She probably had journeyed the length and breadth of planet earth, in search of practical ways of making her dreams come true for a better world. During one of those solitary moments covered in her fanciful veil, Hassanat Mojirola Lawal’s thoughts were enraptured by the whisper of the American inventor, Thomas Edison, who once said: “The three things that are most essential to achievement are common sense, hard work and stick-to-it-iv-ness.”
Raised in a family of six, Hassanat had grown up under the tutelage of parents whose knack for academic excellence could not be waived aside. Coming from a family where the father and mother are teachers seems to be a catalyst to her dedication to making the best of every opportunity she has got to learn. “It is kind of a norm that you should be the best you can be,” she disclosed.
Hassanat studied Microbiology at the University of Ilorin and graduated with a First Class in 2016. Even though she did not envisage the feat from the outset of her programme, the parental background where excellence could not be traded for prettified frivolities became a push for her. Hence, she rekindled her consciousness in the second semester of her first year and became acquainted with leading scholars in the department who encouraged her to excel. After all, at times greater heights are attained by standing on shoulders of great men. Upon graduation from the institution, she did not get accolades or laurels per se, butfelt the innate fulfilment that all the hard work she had put into her educational sojourn really paid at the end of the day.
Mentorship and Scholarship
Not resting on her oars, and seeking to get further exposure to deepen her passion in finding solutions to human health problems in Nigeria, she applied for many scholarships. Luckily, “the most unbelievable thing” happened to her. She got the Commonwealth Shared Scholarship to study for a master’s programme in Environmental and Human Health at the University of Exeter; which she eventually finished with a Distinction.
Meanwhile, getting the scholarship had a lot of personal efforts and inputs from her mentor. It is not exaggeration that the dearth of proper mentorship has made many young Nigerians to lose their potentials and priorities. The situation is worsened by the prevalence of damning remarks like ‘education is a scam’ by those whose short walk to stardom has bastardised the perception of many youths about true success.
It is a known truism that criticism, disappointment and failure are core courses in the school of success. Hassanat seemed to have taken these courses too with utmost seriousness; but she excelled with divine favour and then with encouragement from her mentor.
According to her, having a mentor served as a motivation for her. “I wrote the essays; he reviewed for me. On days I was tired of it all, he said: Hassanat, you must leave Nigeria by September and it kept pushing me through. But then I got tired. Nothing happened to click. I kept receiving rejection mails. I told him I was tired and would focus on other things. And then I received three fully funded scholarship offers in a space of 3 weeks,” the scholar revealed.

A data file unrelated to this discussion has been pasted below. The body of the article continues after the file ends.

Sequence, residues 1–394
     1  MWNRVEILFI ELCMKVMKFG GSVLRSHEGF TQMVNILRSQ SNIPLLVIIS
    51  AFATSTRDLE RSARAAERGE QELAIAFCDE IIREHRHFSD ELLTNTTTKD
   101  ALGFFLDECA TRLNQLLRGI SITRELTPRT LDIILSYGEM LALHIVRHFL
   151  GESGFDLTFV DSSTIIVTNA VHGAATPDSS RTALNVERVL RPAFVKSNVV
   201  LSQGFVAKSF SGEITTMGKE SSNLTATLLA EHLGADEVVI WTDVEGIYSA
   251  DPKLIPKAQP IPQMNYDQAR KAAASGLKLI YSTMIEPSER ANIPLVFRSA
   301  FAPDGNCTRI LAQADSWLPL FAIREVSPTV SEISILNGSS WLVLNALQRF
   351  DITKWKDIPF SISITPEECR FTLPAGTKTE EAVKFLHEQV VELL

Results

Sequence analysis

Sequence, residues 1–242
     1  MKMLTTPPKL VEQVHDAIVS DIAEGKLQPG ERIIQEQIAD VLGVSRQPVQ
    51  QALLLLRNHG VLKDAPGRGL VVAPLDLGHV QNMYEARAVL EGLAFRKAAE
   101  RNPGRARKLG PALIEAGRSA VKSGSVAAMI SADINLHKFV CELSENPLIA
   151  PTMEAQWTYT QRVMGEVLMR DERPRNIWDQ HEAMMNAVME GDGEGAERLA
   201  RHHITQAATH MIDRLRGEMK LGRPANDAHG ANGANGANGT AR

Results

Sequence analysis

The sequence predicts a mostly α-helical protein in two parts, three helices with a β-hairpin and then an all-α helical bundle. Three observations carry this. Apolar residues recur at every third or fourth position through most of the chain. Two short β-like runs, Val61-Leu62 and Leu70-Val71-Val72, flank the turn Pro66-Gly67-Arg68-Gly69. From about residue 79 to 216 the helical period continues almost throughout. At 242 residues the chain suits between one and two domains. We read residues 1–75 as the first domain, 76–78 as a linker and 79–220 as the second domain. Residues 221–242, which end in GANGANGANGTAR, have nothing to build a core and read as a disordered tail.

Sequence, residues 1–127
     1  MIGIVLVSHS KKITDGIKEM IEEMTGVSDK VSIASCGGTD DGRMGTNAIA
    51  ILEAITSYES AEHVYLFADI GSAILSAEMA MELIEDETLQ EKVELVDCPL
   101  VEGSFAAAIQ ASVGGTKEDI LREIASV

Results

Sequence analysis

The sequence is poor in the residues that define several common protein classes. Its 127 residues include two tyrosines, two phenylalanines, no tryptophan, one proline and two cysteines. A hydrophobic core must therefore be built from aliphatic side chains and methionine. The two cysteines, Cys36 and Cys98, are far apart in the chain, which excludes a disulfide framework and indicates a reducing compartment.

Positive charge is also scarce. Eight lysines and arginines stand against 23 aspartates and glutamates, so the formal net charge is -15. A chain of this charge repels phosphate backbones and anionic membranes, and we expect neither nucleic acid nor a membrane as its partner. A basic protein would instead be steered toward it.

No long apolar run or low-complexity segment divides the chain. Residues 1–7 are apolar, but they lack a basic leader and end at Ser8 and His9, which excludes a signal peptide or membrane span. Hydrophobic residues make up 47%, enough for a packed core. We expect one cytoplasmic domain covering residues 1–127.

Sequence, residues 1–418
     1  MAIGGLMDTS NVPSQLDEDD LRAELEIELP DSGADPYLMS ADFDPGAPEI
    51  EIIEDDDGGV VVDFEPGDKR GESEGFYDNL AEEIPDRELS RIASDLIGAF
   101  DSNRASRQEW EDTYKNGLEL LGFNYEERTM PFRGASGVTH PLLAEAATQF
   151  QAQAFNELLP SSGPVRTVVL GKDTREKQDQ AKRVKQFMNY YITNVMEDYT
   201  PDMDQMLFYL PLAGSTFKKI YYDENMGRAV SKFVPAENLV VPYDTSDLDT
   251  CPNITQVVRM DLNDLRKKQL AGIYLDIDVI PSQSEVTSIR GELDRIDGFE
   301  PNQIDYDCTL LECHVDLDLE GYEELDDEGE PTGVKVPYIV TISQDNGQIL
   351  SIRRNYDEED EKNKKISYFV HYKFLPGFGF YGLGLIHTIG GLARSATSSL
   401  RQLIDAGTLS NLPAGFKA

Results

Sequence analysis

Experience in the UK
Studying in a UK university might not have been too spectacular to her in comparison with her alma mater in Nigeria; yet, the experience has made some impacts on her. Some of the core skills required for the 21st century are critical and analytical thinking. Learning abroad seems to have broadened her perception in these realms; making her see things from different perspectives and enhancing her activities with informed decisions.
Furthermore, the academics abroad appear to be more meticulous in handling students’ socio-academic issues. She remarked that, “tutors read every single word you write in an assignment and even note grammatical errors – which means one has to be extra careful and cautious.” Perhaps this is because of the teachers-students ratio which seems to enhance one-to-one or personal learning. Likewise, students are often spurred to carry out individual research for each assignment – finding out something new that has not been published yet and expounding what others have done in order to add to the frontiers of knowledge.
Looking at the Past with Nostalgia and the Future with Hope
Hassanat had held a few positions in the past which equipped her with requisite skills to withstand the academic rigours she had passed through. She was head girl while in secondary school in 2011; female coordinator of Association of Muslim Microbiology Students 2015/2016; and Ameerah of MCAN in Edo state in 2017. Aside that, she had volunteered in a few capacities, impacting lives in her immediate community.
However, her past seems to be negligible compared to the future she envisages for Nigeria and humanity, especially in the area of human health. Even though she has never been a fan of being a medical doctor; she has fervid interest and passion about what could be helpful to human health. Therefore, she aims to carry out research with interlinks between social theories, environmental issues and policies and how they affect human health. Equally, she hopes to work with organisations whose areas of specialisation concern measuring the efficacy of interventions being put in place toward bettering human lives and how relevant these interventions are to the target individuals in terms of culture and acceptability.
If anything could be learnt from Hassanat’s story, it is that: efforts when coordinated by guidance of a mentor and fueled with divine reliance can yield desired success. More so, consistency and perseverance are invaluable to stimulate and enhance one’s long walk to stardom. And one has to always bear in mind the advice of the English writer, Samuel Johnson, that: “Few things are impossible to diligence and skill. Great works are performed not by strength but perseverance.” Be consistent and persevere as you toil your path to greatness.